My cover story in this week's Phoenix on City Year, the urban peace corps, was an unusually personal project. I was a City Year corps member myself in Boston, fresh out of high school, in 1993-1994 - working in a day care center in a public housing project in the mornings and in an afterschool program in the afternoons.
It was an impactful experience - working with the kids, but also with my team - composed of 10 other people of enormously different backgrounds: a Wesleyan graduate from Hawaii, a high school dropout, a young man struggling with a drug problem. City Year, as I suggest in the story, was possibly the only institution in the country offering that kind of experience at the time. But there was something missing. A lack of direction, an occasional tone deafness when it came to what our service partners - schools, community centers, etc. - really needed.
The new City Year I discovered over the last few weeks is making a real and determined effort to change that, to be impactful, by focusing on the droput crisis devastating urban America in an intense way. But the composition of the corps has changed as a result - it's more college educated, less diverse. I'm a little ambivalent about the shift. But I think it is probably the right one in the end.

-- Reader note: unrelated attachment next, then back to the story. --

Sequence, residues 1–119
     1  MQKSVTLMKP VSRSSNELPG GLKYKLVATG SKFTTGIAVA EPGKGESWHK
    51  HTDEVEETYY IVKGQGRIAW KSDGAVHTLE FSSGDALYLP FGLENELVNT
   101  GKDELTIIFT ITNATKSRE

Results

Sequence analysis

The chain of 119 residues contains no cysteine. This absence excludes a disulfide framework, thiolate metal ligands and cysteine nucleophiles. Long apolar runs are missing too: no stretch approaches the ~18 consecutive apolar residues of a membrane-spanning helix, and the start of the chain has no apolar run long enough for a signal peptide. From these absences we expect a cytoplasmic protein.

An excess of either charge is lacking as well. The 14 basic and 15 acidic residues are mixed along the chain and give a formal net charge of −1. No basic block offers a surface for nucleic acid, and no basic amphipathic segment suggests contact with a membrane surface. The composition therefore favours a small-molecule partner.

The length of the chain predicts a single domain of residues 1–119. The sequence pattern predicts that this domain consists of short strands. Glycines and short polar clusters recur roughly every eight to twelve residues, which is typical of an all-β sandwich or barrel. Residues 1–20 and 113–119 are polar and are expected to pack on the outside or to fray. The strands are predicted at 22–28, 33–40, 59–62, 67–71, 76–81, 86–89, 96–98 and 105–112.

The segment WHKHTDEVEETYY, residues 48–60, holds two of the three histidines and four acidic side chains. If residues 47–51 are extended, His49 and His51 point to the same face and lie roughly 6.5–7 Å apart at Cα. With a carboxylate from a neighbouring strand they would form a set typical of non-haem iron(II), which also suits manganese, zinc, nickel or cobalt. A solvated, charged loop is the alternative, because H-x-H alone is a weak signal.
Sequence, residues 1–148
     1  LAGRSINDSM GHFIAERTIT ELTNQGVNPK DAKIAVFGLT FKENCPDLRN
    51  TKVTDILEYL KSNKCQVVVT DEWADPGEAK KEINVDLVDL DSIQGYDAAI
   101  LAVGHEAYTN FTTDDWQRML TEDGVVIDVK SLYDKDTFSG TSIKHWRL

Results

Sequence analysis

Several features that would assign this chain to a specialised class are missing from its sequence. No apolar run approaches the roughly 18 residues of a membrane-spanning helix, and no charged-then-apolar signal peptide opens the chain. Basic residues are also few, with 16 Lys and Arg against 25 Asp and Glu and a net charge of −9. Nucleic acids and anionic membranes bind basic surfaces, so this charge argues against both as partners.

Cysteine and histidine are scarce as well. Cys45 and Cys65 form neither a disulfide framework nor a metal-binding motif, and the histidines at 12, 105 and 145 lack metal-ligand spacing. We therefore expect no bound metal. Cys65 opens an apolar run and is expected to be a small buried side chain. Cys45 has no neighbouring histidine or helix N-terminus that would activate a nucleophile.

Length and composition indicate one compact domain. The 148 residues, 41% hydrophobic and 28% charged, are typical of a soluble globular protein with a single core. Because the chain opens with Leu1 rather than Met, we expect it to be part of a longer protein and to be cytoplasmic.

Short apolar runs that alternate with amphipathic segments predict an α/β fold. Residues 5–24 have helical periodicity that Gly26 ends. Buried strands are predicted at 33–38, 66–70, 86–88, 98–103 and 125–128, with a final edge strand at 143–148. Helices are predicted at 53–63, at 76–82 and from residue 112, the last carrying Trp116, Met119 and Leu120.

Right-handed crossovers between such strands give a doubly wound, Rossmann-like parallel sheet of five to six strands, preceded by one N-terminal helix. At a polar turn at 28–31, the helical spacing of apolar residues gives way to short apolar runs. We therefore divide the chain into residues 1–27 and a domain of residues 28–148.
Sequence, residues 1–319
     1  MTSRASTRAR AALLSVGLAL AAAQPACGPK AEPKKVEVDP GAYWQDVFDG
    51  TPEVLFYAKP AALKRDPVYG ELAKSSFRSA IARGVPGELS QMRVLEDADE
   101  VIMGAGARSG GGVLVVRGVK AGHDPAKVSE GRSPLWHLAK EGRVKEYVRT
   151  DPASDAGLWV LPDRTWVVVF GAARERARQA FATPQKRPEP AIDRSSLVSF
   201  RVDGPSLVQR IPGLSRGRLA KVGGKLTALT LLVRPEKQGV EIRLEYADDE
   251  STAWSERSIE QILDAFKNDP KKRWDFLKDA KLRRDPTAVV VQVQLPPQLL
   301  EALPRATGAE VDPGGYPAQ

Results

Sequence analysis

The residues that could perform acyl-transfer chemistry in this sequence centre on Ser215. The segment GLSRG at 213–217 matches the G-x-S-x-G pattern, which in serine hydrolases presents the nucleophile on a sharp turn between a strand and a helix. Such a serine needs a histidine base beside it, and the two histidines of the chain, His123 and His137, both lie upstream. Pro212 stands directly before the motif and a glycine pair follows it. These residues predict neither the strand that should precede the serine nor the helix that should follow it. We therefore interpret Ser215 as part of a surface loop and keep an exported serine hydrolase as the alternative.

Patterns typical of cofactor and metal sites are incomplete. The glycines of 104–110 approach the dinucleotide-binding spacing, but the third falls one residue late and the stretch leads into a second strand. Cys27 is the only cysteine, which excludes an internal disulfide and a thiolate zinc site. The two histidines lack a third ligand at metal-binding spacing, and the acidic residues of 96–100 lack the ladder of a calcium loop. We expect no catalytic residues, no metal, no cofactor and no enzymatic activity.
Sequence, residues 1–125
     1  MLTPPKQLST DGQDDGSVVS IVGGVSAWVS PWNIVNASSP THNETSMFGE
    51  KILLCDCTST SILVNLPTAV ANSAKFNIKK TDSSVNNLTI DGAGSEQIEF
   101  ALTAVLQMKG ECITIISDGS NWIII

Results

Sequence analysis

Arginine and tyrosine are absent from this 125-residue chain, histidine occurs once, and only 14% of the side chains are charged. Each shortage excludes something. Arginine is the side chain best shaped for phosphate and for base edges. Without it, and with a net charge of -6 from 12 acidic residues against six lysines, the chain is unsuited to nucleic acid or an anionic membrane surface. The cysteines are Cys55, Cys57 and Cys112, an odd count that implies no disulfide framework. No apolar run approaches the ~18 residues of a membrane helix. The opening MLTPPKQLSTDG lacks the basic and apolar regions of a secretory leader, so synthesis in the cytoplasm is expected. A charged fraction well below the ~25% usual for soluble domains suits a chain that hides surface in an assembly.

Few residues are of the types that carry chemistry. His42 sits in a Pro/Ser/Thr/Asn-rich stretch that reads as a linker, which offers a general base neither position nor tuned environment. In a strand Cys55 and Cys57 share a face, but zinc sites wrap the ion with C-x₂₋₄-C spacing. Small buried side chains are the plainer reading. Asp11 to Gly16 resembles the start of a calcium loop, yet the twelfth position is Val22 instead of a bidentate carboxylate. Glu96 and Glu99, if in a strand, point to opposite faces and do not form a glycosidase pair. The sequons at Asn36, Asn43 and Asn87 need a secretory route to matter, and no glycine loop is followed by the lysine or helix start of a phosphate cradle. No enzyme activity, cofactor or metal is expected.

We'll only know for sure, though, when we have a comprehensive study. City Year-commissioned research has shown some early, encouraging results. But the best test, I think, is yet to come.
The City Year model, at its most fully evolved, involves a partnership with a school reform group and a social services organization in 10 cities around the country. That effort, collectively known as Diplomas Now, has received a $30 million expansion grant from the US Department of Education. And part of the grant will play for the sort of randomized control study that will give us our clearest sense, to date, as to whether City Year and its partners are on to something truly transformative.